[JURIST] Former Yugoslavian president Slobodan Milosevic [ICTY factsheet] requested a recess in his war crimes trial [JURIST news archive] Tuesday, to allow him time to recover from the strain of defending himself. Milosevic submitted a report from his doctors to the UN-backed International Criminal Tribunal for the Former Yugoslavia [official [read more]

09:11 EDT

[JURIST] The South Jakarta District Court Tuesday dropped a case brought by the Indonesian Ministry of Environment [official website] against the Newmont Mining Corporation [corporate website; JURIST news archive], the Indonesian subsidiary of a Denver-based company, saying the case should be settled through international arbitration or conciliation. The Indonesian government, [read more]

08:11 EDT

[JURIST] Eight advocacy groups Monday filed a complaint [PDF] in US district court on behalf of the 6.4 million people who qualify for both Medicare and Medicaid to make sure that no elderly or disabled Americans lose access to prescription drugs when they enroll in the new Medicare drug plan. [read more]

08:11 EDT

[JURIST] Leading Tuesday's international brief, three judges from the Kenyan Constitutional Court ruled that a legal challenge to the legitimacy of the upcoming Kenyan national referendum on the proposed draft constitution [JURIST report] was invalid and that neither the legislative nor judicial branches of government could stop the referendum. Activists [read more]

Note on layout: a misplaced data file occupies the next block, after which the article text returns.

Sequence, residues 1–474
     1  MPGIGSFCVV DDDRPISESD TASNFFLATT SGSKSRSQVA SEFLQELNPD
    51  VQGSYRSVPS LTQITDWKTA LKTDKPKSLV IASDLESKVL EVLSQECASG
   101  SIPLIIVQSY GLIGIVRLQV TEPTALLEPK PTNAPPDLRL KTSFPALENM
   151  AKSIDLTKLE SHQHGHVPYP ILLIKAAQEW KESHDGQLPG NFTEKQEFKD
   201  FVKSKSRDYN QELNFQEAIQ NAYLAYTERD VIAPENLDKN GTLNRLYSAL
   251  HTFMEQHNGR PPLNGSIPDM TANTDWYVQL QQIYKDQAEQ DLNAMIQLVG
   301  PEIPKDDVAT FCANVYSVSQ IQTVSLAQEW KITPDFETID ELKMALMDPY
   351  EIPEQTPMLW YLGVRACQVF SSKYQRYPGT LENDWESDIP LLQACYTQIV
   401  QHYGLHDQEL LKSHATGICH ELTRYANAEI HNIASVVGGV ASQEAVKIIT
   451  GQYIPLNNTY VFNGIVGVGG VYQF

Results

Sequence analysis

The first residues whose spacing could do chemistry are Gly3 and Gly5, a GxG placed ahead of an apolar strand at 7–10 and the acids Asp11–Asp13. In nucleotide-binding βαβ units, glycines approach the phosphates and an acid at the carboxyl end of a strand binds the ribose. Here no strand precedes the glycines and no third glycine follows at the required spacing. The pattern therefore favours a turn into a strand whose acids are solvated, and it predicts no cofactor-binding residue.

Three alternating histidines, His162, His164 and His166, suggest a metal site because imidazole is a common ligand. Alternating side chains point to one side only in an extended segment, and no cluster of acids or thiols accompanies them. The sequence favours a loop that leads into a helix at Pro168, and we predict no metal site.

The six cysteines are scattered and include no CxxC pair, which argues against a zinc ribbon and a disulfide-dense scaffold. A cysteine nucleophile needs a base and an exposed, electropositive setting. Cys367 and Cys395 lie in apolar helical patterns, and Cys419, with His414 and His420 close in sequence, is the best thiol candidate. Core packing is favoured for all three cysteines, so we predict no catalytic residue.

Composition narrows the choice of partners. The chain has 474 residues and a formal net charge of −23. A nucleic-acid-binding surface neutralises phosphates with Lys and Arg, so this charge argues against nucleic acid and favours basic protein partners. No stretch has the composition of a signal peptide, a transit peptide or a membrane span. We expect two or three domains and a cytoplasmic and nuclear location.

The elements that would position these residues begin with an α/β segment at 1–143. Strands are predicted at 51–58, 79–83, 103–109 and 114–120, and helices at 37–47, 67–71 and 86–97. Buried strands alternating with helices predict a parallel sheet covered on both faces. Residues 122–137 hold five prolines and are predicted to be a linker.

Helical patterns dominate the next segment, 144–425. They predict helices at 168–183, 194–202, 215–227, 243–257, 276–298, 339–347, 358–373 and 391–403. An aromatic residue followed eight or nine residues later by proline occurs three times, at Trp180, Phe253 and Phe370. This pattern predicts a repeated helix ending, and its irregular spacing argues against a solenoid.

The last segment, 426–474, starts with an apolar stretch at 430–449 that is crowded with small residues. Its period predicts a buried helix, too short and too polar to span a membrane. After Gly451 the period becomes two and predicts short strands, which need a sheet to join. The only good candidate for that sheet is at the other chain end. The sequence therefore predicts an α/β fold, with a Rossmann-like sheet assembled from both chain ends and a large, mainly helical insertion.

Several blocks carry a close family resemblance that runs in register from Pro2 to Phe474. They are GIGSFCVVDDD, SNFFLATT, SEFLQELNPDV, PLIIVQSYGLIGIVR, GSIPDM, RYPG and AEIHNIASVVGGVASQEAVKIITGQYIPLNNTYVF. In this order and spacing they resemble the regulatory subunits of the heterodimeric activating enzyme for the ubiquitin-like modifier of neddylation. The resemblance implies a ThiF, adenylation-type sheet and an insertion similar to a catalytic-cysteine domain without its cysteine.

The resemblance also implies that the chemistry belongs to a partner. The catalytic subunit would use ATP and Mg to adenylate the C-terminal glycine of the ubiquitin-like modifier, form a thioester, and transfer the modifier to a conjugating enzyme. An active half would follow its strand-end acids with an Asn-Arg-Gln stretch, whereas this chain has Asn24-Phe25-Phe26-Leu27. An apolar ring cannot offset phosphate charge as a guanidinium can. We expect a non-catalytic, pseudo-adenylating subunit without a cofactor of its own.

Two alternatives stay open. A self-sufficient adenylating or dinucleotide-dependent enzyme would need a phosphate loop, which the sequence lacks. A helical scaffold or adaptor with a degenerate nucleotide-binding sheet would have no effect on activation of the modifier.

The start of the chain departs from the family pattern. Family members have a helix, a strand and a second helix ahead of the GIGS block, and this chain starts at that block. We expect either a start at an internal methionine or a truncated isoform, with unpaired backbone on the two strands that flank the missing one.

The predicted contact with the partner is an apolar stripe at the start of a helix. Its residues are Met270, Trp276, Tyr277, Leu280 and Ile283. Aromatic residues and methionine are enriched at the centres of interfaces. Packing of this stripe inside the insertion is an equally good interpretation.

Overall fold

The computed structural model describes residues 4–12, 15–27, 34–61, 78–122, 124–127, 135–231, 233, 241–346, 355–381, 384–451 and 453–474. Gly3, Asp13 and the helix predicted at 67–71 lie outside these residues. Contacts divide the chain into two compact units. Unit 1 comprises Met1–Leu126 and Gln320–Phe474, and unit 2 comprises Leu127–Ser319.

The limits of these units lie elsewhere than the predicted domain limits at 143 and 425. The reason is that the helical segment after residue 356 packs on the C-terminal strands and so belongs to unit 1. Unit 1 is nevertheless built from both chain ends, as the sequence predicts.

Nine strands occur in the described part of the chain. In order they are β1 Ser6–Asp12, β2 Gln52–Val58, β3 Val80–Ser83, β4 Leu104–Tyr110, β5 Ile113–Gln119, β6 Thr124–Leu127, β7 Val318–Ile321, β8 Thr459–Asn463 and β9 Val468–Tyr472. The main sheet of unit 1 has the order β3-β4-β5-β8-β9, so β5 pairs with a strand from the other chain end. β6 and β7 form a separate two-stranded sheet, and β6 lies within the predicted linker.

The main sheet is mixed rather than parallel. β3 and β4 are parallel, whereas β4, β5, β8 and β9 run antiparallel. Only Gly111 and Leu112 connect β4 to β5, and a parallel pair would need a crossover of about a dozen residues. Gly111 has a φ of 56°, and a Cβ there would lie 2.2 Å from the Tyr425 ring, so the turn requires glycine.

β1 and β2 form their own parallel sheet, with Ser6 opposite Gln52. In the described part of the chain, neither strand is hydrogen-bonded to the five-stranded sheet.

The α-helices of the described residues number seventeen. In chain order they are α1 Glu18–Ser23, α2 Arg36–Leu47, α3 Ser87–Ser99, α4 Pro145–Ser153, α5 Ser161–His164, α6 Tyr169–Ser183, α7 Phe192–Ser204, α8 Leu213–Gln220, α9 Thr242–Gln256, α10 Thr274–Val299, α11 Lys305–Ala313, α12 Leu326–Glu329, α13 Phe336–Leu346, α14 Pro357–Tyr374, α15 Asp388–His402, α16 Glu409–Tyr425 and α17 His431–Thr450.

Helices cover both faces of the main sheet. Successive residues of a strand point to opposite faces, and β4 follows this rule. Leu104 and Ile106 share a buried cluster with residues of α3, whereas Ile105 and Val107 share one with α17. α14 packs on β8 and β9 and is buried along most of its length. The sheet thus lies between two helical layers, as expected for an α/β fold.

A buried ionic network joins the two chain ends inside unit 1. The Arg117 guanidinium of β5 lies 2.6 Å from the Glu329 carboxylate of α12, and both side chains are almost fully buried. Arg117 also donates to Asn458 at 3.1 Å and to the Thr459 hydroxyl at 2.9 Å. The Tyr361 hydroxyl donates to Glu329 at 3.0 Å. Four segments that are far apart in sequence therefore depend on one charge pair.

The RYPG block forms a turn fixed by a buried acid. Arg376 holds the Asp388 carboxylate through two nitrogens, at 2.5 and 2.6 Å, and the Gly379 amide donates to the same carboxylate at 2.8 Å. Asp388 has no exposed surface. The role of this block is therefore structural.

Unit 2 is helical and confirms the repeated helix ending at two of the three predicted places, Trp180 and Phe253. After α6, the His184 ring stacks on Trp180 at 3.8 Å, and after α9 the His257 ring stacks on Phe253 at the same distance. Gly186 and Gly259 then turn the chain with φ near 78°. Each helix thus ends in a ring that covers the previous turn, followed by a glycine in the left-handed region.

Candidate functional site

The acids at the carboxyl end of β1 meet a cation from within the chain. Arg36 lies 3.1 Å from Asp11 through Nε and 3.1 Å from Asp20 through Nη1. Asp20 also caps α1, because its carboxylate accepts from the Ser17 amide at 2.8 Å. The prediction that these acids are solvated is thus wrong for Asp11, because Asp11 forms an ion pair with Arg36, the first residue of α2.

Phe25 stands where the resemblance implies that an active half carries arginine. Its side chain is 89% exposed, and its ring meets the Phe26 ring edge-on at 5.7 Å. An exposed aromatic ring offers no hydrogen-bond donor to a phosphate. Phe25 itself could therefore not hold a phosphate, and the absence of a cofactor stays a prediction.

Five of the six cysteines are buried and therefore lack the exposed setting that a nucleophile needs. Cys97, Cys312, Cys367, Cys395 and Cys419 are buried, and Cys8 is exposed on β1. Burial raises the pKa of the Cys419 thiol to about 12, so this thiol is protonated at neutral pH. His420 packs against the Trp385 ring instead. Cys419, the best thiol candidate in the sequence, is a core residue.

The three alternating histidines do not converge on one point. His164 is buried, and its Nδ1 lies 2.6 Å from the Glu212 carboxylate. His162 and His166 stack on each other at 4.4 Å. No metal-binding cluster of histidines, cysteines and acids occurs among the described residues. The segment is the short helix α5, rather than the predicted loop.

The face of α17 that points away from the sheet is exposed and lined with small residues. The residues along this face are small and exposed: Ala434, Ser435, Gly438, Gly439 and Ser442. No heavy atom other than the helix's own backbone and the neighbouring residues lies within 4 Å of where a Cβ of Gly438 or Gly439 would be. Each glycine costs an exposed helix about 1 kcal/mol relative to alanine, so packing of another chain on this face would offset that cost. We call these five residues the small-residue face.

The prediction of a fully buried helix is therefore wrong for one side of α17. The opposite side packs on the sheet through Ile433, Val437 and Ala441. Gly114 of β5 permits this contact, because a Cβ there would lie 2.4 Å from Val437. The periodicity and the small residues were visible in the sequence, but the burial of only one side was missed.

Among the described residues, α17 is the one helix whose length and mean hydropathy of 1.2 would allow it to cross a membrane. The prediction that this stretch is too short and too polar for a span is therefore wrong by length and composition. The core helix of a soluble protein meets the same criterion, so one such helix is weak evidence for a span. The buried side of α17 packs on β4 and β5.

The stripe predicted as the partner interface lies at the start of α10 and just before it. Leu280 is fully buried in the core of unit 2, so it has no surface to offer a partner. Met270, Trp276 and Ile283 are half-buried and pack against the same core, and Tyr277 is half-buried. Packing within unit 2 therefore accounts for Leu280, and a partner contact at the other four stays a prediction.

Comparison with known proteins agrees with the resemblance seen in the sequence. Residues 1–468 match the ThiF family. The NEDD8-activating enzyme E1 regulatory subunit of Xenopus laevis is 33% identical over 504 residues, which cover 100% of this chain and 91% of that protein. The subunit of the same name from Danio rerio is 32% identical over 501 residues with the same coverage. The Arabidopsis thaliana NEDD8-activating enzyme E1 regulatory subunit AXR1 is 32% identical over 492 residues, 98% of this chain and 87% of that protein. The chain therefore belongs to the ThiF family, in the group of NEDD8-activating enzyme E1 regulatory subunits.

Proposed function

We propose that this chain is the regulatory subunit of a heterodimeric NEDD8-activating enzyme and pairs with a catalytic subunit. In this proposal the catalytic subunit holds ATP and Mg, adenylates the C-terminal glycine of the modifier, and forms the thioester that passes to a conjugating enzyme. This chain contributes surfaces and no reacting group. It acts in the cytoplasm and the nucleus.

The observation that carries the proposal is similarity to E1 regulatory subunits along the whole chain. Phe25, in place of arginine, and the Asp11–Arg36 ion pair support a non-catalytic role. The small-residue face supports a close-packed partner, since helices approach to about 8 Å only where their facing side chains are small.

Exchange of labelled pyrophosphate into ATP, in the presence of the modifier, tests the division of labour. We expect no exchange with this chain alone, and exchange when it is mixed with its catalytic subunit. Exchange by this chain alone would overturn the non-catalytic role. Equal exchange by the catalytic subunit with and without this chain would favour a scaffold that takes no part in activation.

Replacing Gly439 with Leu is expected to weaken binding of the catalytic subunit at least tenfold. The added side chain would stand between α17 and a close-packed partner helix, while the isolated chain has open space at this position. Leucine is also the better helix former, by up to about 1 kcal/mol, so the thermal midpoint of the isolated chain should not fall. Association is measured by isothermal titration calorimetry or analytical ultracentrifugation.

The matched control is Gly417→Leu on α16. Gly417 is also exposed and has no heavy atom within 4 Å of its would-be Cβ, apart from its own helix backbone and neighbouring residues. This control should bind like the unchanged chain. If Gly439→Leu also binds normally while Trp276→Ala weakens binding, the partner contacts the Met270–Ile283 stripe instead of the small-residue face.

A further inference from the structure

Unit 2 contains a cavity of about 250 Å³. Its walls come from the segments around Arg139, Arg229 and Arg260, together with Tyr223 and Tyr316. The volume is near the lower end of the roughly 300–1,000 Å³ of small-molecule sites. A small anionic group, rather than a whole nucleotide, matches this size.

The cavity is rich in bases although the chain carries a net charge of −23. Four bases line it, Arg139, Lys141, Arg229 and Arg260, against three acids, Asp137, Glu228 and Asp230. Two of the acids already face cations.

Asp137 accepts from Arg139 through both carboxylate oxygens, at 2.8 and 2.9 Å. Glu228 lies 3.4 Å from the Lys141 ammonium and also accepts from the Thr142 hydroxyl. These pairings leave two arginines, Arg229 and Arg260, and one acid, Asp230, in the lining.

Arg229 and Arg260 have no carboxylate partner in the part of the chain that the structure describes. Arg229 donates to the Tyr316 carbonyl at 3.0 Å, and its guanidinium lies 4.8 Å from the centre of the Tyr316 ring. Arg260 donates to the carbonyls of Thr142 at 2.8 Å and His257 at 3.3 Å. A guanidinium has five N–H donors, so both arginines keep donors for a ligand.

08:11 EDT

[JURIST] The Libyan Supreme Court Tuesday postponed its verdict until January 31 for five Bulgarian nurses and a Palestinian doctor who had received death sentences following their convictions for deliberately infecting more than 400 children with the HIV virus [JURIST report] as part of an experiment to find a cure [read more]

07:11 EDT

[JURIST] Major US media organization Dow Jones & Co. [corporate website], publisher of the Wall Street Journal and other publications, on Monday challenged efforts by Special Counsel Patrick Fitzgerald [official website] to keep documents secret in the CIA leak case [JURIST news archive], asking a federal court to deny Fitzgerald's [read more]

06:11 EDT

[JURIST] The US Senate [official website] is set to vote Tuesday on a compromise offered by senators in response to last Thursday's 49-42 vote [JURIST report] to deny Guantanamo prisoners habeas corpus access to federal courts [JURIST report] in order to contest the legality of their detentions. The Graham amendment [read more]